Tuesday, 19 March 2013

On the path of winners By Bayo Ogunmupe Fostering the skill of imagery

On the path of winners
By Bayo Ogunmupe
Fostering the skill of imagery

    As the saying goes: you can only be as great as you imagine. Which is why you have to cultivate the habit of visualizing your life goals. The world renowned theologian and teacher, William Bernbach said, "For the flower to blossom, you need the right soil as well as the right seed. The same is true to cultivate good thinking."
    Good thinkers are always in high demand. And good thinking starts from imaging your possibilities. That is why the person who knows how will always land a job but the person who knows why will always be his boss. Visionary leaders solve problems, they never lack ideas with which to build organizations. They always have the vision for a better future. Those who foster the skills of imagery know how to control themselves even while under oppressors.

Fostering the habits of imaginative thinking isn't complicated. It is only a discipline to be cultivated. To do this you need a place to think your thoughts. Charles Kettering a noted inventor and holder of more than 140 patents, once likened creating a place for thinking to hanging a bird cage in your mind. This was made clearer by a thousand dollar bet he once had with his friend. Kettering told a friend that he could make the man buy a pet bird in the coming year. His friend vowed that Kettering could never make him buy a pet bird, so he took the bet.

Soon after, Kettering gave his friend an expensive Swiss birdcage. The man took the beautiful cage home and hung it in his parlour. But interestingly, every time he had guests, someone would ask him, "When did your bird die?" "I never had a bird, he will tell them. Then he would have to explain the whole betting. After doing this repeatedly, he finally went out to buy a parakeet, and finally paying a thousand dollar Kettering bet. Kettering later said, "If you hang birdcages in your mind, you eventually fill them with birds."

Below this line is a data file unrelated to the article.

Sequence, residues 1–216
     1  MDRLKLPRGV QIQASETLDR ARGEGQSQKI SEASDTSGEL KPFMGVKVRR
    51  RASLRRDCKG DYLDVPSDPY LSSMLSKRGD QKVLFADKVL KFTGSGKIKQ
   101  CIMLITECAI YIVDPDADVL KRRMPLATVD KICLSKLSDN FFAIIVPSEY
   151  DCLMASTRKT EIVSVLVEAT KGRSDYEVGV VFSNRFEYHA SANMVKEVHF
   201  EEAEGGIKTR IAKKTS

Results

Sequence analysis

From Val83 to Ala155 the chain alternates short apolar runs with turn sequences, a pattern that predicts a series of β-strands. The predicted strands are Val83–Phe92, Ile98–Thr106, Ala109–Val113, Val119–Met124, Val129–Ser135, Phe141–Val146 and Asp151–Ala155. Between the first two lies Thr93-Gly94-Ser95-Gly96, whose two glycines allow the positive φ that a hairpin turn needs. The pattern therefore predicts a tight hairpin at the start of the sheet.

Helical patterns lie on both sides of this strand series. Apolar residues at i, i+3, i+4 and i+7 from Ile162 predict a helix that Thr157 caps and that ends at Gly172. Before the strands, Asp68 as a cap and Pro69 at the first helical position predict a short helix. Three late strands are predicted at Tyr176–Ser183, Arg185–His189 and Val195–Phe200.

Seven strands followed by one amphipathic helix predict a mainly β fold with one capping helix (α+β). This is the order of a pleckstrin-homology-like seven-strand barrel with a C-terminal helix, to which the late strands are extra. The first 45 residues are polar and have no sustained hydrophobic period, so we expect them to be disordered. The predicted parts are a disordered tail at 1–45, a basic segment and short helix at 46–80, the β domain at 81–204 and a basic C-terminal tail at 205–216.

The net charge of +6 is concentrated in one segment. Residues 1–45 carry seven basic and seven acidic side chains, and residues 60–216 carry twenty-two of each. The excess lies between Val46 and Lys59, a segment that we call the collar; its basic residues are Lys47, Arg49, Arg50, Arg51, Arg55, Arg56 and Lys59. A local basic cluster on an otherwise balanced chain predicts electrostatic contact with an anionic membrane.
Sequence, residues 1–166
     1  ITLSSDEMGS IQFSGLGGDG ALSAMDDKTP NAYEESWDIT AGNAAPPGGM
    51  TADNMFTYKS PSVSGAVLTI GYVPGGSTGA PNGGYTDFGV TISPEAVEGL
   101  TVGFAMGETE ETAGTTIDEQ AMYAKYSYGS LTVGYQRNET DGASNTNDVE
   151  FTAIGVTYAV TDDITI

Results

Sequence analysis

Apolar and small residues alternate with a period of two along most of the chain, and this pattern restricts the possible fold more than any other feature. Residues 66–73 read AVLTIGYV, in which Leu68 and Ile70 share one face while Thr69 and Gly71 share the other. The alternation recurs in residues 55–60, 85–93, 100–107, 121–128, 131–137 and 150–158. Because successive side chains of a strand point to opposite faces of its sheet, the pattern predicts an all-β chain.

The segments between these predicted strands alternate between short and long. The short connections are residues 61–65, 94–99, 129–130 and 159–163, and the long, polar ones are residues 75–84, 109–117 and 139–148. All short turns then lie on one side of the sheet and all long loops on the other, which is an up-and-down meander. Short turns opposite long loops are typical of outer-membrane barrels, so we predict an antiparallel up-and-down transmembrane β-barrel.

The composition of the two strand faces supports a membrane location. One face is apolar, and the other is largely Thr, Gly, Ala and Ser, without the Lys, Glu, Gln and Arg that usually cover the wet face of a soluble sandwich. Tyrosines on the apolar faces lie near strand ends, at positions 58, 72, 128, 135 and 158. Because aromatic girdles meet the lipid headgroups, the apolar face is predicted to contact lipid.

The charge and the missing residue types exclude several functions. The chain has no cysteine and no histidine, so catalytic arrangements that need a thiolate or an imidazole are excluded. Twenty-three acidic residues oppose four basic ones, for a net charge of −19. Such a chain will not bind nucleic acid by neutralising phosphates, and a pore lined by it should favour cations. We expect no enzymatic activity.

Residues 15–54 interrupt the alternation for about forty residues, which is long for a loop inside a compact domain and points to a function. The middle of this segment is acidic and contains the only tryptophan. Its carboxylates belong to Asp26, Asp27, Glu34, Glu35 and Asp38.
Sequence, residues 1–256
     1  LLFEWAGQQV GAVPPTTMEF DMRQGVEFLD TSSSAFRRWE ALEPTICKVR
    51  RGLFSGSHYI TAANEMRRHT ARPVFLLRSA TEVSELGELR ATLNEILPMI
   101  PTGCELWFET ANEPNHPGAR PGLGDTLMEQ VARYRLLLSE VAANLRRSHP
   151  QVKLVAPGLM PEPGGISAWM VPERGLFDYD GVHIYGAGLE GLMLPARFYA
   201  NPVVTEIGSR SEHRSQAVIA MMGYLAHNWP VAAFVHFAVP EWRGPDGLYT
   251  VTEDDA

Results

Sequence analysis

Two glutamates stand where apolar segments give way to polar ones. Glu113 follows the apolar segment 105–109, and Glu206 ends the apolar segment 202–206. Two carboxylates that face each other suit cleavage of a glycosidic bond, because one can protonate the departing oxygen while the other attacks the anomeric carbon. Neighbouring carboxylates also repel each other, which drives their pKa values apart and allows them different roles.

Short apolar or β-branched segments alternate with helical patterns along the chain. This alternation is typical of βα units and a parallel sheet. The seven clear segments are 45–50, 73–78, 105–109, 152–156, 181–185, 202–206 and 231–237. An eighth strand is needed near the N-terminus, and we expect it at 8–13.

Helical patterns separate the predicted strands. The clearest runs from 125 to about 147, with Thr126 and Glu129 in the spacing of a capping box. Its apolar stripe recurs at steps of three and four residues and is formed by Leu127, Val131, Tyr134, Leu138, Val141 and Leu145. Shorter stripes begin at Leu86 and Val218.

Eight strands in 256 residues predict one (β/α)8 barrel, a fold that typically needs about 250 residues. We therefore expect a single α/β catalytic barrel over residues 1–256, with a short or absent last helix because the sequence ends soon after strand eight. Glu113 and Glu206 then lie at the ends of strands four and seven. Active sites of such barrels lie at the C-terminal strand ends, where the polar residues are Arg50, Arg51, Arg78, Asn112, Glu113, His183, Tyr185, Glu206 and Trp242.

As Kettering birdcages attract birds, so too will a designated place to think attract good thoughts. If you go to your sanctum expecting to generate good thoughts, certainly you will meet your expectation by coming up with valuable ideas. For me, the best places to think are in the bathroom, the car or the plane. For some, places to think are in the spa, the park or the shower. When you found a place to think, thoughts find a place in you.

Two, rarely do ideas come fully formed, it is your sanctum that shapes your thoughts. Thoughts have to stand the test of clarity before they can stand. A good way to fine tune your thoughts is to put them in writing. Professor and University vice chancellor, Senator Hayakawa wrote: "Learning to write is learning to think. You don't know anything clearly unless you can state it in writing."

Three, find a place to stretch your thoughts. In order to enliven your imagination and create skills of visualization, you have to spend time mentally shaping your thoughts in solitude. Thereafter test your ideas by asking your mastermind group to fine tune it. A great idea evolves from solitude shaped by the right people in the appropriate environment, bringing out the desired result.